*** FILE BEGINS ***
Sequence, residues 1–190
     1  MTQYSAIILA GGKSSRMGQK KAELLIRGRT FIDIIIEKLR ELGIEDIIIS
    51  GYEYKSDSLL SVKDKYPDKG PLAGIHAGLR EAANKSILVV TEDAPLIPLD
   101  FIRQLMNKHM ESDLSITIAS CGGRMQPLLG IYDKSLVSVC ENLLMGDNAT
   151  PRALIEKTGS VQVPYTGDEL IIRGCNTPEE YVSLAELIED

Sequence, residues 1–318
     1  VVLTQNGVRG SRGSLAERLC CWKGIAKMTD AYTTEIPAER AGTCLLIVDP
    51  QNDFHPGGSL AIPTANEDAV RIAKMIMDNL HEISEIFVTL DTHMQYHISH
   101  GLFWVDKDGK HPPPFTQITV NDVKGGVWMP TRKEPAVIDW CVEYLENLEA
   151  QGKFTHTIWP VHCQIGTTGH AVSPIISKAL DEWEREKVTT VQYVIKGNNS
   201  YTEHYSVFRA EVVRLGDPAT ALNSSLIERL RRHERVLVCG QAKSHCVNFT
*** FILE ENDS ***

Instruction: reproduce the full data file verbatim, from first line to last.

Sequence, residues 1–190
     1  MTQYSAIILA GGKSSRMGQK KAELLIRGRT FIDIIIEKLR ELGIEDIIIS
    51  GYEYKSDSLL SVKDKYPDKG PLAGIHAGLR EAANKSILVV TEDAPLIPLD
   101  FIRQLMNKHM ESDLSITIAS CGGRMQPLLG IYDKSLVSVC ENLLMGDNAT
   151  PRALIEKTGS VQVPYTGDEL IIRGCNTPEE YVSLAELIED

Sequence, residues 1–318
     1  VVLTQNGVRG SRGSLAERLC CWKGIAKMTD AYTTEIPAER AGTCLLIVDP
    51  QNDFHPGGSL AIPTANEDAV RIAKMIMDNL HEISEIFVTL DTHMQYHISH
   101  GLFWVDKDGK HPPPFTQITV NDVKGGVWMP TRKEPAVIDW CVEYLENLEA
   151  QGKFTHTIWP VHCQIGTTGH AVSPIISKAL DEWEREKVTT VQYVIKGNNS
   201  YTEHYSVFRA EVVRLGDPAT ALNSSLIERL RRHERVLVCG QAKSHCVNFT